Ledwithstown House is a handsome Georgian country house, situated outside the town of Ballymahon, and has been described as a “miniature gem” by architectural historians.
It is believed to have been designed c.1730 by the eminent architect Richard Castle, who died in 1751. Castle, or Cassels, was probably the foremost architect in Ireland at the time of construction and was one of the greatest proponents of Palladian architecture in Ireland.
His domestic villas were strongly influenced by the designs of Italian architect Andrea Palladio, who designed elegant, symmetrical houses with classical details inspired by the architecture of ancient Rome.
Ledwithstown House has solid, robust appearance with a pleasing symmetrical design, typical of Palladian villas. It features finely-carved cut limestone trim, such as the window surrounds and the heavy eaves cornice that runs along the top of the walls.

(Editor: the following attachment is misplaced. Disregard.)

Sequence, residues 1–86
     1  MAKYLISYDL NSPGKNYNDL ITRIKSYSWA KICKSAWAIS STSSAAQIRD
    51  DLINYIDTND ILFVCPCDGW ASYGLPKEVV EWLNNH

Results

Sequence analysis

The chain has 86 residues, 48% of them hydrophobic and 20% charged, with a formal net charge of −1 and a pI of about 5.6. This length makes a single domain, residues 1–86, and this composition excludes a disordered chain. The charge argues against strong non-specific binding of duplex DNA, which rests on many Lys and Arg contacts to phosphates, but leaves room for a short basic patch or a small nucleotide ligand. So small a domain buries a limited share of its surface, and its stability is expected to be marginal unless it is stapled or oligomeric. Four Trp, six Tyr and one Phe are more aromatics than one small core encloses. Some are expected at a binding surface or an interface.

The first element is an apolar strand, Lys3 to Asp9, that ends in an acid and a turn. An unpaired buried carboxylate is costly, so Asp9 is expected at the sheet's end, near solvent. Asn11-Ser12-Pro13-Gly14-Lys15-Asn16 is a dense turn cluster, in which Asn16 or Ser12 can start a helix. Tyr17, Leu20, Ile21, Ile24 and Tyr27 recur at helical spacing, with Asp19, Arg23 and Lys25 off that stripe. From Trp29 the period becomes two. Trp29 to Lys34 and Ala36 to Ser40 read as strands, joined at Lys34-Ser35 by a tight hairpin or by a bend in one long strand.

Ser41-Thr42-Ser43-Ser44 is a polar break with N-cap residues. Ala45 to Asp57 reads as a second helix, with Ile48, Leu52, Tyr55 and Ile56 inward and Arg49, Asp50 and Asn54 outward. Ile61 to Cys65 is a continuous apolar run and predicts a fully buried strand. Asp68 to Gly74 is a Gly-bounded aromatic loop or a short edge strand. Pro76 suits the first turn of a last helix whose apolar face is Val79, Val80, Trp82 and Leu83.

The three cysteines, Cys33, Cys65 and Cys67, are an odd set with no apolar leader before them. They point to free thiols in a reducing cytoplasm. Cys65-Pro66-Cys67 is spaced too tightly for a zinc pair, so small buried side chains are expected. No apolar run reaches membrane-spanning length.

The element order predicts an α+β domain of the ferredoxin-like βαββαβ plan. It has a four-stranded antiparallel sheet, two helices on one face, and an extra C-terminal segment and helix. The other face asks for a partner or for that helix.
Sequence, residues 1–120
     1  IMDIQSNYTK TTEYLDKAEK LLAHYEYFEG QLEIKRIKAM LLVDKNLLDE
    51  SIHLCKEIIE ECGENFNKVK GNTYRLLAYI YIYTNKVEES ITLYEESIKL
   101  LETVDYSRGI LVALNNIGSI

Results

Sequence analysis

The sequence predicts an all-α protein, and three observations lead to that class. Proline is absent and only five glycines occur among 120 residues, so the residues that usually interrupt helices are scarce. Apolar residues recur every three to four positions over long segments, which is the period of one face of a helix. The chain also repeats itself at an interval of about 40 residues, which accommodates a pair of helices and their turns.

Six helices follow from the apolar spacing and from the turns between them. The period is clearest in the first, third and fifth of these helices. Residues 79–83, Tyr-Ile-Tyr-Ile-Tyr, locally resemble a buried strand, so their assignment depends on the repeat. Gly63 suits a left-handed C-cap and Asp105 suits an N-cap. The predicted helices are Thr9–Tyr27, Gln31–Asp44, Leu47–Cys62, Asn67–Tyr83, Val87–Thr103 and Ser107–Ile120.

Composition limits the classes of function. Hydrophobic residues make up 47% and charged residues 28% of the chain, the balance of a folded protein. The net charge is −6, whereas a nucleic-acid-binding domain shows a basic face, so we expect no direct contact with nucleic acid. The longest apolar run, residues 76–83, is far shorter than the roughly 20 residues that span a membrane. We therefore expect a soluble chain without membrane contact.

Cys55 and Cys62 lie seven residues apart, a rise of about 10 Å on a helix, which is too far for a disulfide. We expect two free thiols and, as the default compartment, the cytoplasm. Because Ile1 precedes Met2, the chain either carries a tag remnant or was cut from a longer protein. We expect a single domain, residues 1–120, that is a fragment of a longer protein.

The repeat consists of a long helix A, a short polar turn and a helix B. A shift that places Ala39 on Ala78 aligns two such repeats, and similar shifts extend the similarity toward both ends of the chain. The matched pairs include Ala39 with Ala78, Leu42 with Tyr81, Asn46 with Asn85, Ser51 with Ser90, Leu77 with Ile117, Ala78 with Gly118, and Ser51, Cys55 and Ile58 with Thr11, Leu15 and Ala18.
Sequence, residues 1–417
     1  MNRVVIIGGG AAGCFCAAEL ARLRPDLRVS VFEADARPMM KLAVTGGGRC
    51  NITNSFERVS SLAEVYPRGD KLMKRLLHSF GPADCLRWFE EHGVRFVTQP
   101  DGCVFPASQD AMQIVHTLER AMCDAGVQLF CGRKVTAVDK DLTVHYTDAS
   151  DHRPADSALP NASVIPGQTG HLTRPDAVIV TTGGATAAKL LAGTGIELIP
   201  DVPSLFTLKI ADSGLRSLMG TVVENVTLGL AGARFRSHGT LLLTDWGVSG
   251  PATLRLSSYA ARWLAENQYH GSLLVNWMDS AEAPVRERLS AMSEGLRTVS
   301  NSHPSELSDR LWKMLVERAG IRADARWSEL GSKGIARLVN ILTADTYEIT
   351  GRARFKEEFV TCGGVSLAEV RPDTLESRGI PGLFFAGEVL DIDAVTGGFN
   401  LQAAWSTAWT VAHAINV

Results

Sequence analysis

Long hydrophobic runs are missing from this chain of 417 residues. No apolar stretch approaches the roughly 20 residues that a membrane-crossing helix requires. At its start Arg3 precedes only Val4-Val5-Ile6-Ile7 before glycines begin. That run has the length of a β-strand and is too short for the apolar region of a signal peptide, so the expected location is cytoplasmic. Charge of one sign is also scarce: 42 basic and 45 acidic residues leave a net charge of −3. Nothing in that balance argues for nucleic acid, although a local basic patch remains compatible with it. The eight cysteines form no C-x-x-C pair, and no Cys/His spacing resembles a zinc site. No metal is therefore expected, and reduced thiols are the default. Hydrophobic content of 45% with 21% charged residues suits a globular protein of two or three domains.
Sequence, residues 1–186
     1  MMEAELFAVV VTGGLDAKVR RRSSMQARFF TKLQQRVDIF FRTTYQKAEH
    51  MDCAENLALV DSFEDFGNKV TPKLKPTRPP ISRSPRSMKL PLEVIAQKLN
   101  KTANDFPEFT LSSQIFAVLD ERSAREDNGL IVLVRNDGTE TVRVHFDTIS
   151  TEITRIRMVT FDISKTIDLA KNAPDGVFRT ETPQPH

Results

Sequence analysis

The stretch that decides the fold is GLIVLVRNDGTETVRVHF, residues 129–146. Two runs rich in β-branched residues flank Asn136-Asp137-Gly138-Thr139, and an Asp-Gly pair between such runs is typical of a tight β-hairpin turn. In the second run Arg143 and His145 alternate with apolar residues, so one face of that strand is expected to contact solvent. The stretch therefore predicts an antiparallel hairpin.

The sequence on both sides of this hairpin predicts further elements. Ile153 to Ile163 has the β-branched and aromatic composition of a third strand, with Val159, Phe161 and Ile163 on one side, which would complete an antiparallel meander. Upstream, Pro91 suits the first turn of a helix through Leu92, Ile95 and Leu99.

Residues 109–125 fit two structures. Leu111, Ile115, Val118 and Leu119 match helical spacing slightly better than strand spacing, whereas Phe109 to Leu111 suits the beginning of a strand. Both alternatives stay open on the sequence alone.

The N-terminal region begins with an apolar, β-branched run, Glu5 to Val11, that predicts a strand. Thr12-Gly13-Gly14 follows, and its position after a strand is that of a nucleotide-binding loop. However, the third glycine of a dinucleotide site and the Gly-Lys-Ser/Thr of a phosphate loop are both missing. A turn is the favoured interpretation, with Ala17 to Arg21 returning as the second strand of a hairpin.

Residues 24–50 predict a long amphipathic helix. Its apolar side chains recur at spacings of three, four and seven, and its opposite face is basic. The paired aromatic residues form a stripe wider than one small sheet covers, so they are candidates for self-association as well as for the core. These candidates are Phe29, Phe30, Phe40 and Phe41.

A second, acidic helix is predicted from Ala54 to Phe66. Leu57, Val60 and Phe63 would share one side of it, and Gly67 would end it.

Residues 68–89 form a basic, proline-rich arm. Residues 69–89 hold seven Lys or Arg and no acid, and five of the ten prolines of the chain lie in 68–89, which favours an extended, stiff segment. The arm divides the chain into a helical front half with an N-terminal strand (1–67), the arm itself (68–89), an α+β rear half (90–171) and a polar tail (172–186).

The good-quality dressed limestone quoins to the corners help to emphasise the stocky appearance of this building. The doorcase is especially attractive and provides a central focus to the main elevation, and is further enhanced by the flight of stone steps to its base.
The house has undergone an extensive programme of conservation and renovation by the present owners from the 1970s onwards, with support of agencies such as the Irish Georgian Society (www.igs.ie).
Ledwithstown House was the residence of the Ledwith family from its construction to around 1900. The Ledwith family were an important family in County Longford from 1650 onwards. Successive generations of family members served in public office as grand jurors, or as high sheriff of the county, including George Ledwith who was the high sheriff in 1764; James Ledwith in 1792, Richard in 1807 and Edward in 1847.
Ledwithstown House is privately owned by the Feeney family.